Live Review: BANNERS, POP ETC, and Moth and the Flame last night at Brighton Music Hall

 
 

In a way, it was as if the Ghosts of Music Past decided to visit us three times in a row, only fully succeeding in showing us how to move forward the second time around.

On a warm, beautiful March night in Allston, the Ghosts of Music Past decided to visit us three distinct times in a row at Brighton Music Hall, only fully succeeding in showing us how to move forward each second time around. About a hundred people had gathered last night (March 7) for a triple-header bill of BANNERS, POP ETC, and The Moth and the Flame, and it was an odd line-up that seemed completely uncertain until the music began.

Bay Area indie band POP ETC, the first act, were arguably the most experienced group that appeared on the stage last night. Formerly known as The Morning Benders, they experienced a wave of popularity when they received some critical acclaim for their 2010 release, Big Echo. After discovering that the word “bender” is considered a homophobic slur in some parts of the European Union, they made the drastic choice to abandon the name that they’d found success with, and instead strike it out as a new outlet, with a new sound. They dispatched with the ’60s surf-rock type tunes, and replaced that sound with a blandish type of synth-pop, as if you’d flash-frozen an indie group from the early 2010s and put them on stage to thaw years later.

That isn’t meant to be totally damning. The group definitely does have their inspired moments, most found in playful romps like “Vice” and “Running in Circles.” Both of those tracks owe a great debt to artists like The Human League and, more specifically, Tears for Fears, whose own seminal track, “Mad World”, was covered in the middle of their set — and traditionally, unlike Gary Jules’ version. Regardless, the show-stopper of POP ETC’s time on stage was the lone Morning Benders song that they played, “Excuses,” an absolutely gorgeous work of ’50s-inspired crooner balladry that stood so apart from everything else that they had played that one last, someone might have figured another band had taken the stage in the space between songs.

The second and most visibly promoted was BANNERS, the stage name of Liverpudlian musician Mike Nelson. Riding high off of a successful EP release, Nelson drew the most people, and the audience swelled to about a hundred. BANNERS is an interesting project, and it seems that Nelson wants to merge two very different periods in British music together, as he takes bits and pieces from early aughts pop music — the keyboard parts strewn throughout each song are reminiscent of Keane’s debut record, and bits and pieces of orchestration evoke “Yellow”-era Coldplay — and modern, Sam Smith-falsetto vocals and merges them together to make music that sounds familiar yet foreign. It also helps that he’s adorable on stage, in a silly English way that drove people in the audience wild. “I appreciate your doughnuts,” he said at one point between tracks, “but do you just call [a Boston creme] a ‘creme’ here?” Tracks like “Ghosts” and single “Shine a Light” act as amazing vocal showcases, and Nelson has the chops to sustain the promise of his stage presence. Big things await.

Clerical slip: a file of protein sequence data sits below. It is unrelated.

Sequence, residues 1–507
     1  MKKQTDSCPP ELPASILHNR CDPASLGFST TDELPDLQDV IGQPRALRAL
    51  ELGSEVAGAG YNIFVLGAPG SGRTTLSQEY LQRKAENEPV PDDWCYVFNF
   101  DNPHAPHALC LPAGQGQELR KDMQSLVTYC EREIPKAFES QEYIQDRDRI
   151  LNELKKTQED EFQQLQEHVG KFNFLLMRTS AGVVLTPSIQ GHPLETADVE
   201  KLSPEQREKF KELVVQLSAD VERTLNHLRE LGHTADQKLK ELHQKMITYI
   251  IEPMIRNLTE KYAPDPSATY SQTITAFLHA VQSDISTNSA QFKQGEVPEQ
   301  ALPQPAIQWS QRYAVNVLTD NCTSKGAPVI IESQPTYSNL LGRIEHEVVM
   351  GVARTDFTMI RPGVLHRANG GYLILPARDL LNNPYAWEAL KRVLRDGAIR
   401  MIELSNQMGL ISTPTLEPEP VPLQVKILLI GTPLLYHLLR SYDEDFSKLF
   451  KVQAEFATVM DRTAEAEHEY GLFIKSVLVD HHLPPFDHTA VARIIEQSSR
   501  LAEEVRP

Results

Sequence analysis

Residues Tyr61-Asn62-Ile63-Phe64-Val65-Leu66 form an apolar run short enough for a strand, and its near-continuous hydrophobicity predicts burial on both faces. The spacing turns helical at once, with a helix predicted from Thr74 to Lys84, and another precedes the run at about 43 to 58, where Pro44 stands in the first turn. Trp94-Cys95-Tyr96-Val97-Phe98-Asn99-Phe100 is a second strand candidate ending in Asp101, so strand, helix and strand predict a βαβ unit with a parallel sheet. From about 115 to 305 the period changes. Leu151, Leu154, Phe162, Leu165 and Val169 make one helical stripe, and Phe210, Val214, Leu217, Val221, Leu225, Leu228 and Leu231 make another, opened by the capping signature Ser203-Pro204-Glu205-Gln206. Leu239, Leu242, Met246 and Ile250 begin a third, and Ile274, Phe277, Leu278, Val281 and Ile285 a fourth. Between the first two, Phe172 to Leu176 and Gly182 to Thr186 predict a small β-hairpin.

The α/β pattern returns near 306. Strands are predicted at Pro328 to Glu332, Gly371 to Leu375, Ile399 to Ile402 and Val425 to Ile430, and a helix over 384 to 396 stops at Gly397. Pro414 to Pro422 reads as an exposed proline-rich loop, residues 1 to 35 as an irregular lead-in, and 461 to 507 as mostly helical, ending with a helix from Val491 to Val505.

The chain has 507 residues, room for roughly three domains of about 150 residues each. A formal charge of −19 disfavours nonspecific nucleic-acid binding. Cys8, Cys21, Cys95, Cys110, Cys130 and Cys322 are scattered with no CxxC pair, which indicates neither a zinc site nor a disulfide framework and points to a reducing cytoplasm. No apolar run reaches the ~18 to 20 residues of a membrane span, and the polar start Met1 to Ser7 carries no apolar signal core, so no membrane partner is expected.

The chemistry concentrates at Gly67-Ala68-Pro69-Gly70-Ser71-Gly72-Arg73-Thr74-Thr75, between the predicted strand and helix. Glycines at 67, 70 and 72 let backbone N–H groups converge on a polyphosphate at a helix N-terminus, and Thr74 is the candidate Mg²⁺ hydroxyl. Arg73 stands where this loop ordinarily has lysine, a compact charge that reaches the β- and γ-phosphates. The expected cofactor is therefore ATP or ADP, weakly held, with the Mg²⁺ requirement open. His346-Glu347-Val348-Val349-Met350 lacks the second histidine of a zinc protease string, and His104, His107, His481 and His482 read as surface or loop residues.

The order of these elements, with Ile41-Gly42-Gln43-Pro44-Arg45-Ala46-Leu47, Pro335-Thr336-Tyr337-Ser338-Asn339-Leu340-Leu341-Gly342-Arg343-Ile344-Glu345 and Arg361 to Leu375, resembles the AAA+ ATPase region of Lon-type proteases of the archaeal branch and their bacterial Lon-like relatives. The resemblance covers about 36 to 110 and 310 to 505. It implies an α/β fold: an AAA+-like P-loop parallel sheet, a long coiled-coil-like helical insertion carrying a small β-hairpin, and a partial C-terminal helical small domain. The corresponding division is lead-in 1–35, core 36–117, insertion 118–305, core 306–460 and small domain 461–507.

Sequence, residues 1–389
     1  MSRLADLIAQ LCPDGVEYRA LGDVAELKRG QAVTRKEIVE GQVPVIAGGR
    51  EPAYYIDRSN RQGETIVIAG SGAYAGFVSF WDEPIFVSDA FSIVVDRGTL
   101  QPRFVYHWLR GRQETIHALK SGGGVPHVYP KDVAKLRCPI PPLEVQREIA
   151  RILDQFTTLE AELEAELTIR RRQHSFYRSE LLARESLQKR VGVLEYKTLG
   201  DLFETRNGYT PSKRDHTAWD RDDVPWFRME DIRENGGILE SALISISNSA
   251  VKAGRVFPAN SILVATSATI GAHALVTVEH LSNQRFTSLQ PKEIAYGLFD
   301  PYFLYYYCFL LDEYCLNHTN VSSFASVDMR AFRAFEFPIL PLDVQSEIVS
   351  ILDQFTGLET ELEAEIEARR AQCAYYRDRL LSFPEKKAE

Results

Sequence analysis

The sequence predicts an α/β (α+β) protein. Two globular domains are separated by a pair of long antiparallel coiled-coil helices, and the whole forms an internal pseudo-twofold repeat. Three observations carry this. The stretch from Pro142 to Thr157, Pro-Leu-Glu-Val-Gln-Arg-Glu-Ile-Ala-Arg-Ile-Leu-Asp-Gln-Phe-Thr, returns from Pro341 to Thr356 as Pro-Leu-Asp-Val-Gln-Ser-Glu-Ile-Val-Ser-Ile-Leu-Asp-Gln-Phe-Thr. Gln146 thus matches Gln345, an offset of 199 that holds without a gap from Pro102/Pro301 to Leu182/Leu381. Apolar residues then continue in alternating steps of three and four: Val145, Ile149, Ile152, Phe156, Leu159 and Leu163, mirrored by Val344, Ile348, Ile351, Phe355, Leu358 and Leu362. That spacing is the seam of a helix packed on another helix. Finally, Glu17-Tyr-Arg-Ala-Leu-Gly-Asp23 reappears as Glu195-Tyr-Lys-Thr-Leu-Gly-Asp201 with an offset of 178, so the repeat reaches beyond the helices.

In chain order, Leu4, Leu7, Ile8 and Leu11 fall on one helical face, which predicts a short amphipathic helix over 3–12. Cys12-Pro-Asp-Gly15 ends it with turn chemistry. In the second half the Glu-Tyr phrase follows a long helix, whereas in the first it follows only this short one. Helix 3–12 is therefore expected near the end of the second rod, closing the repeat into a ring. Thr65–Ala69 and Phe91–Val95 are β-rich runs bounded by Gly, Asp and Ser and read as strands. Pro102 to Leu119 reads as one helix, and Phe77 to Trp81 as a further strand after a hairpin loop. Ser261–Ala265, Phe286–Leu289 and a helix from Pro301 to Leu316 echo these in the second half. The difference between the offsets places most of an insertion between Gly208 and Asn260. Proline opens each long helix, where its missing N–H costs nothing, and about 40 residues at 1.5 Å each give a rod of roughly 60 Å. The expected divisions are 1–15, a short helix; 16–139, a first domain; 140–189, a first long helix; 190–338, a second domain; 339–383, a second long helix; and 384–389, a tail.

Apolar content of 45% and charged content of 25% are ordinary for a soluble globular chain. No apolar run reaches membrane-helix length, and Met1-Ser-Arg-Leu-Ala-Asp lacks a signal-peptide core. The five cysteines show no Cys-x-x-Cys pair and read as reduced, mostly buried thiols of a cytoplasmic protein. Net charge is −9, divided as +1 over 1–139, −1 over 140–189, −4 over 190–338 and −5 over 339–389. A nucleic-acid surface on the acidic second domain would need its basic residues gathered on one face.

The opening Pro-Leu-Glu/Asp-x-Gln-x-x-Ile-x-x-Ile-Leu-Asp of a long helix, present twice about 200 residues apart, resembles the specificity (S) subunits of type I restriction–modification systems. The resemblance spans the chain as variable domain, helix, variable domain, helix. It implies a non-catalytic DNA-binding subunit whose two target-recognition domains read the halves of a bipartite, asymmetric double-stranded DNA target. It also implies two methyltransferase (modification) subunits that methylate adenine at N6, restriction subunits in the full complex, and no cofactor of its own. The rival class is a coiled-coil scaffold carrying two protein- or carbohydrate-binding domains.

Third and final act, Los Angeles’ The Moth and the Flame took the stage right as the clock struck ten. “This is the warmest place we’ve been on this tour,” vocalist Brandon Robbins joked, and they began their set with hot and heavy “Red Flag,” which acts as an excellent thesis statement for what they’re trying to do as a group — hard-ish emo styled indie rock, full of sound and fury. As far as I’m concerned, Robbins should find a side-gig as a Robert Smith impersonator, because at points throughout their set I could have sworn the Cure frontman was up on stage. His vocal takes were amongst the highlights of the set, as everything else, from the construction of their songs to the harmonies, seemed sort of generic. Not bad, mind you, but sort of played out. The dark, propulsive “Empire and the Sun” and the sad and cathartic “Wishing Well” proved to be highlights, but their 35 minute set was over so quickly it was as if they’d perfectly timed it with the end of the Bruins game. It was as if they’d been dragged off stage by some vaudevillian cane in the middle of their act, and because of that abrupt ending, it was hard to leave feeling completely satisfied. But there are worse ways to spend an early-March Monday evening in Allston.

Follow Nick Johnston on Twitter @onlysaysficus.